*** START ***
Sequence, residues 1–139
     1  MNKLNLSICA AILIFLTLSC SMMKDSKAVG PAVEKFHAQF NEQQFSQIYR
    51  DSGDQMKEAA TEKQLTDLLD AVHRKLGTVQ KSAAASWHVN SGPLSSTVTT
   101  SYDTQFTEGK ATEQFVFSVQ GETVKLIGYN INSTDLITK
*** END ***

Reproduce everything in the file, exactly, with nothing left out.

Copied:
Sequence, residues 1–139
     1  MNKLNLSICA AILIFLTLSC SMMKDSKAVG PAVEKFHAQF NEQQFSQIYR
    51  DSGDQMKEAA TEKQLTDLLD AVHRKLGTVQ KSAAASWHVN SGPLSSTVTT
   101  SYDTQFTEGK ATEQFVFSVQ GETVKLIGYN INSTDLITK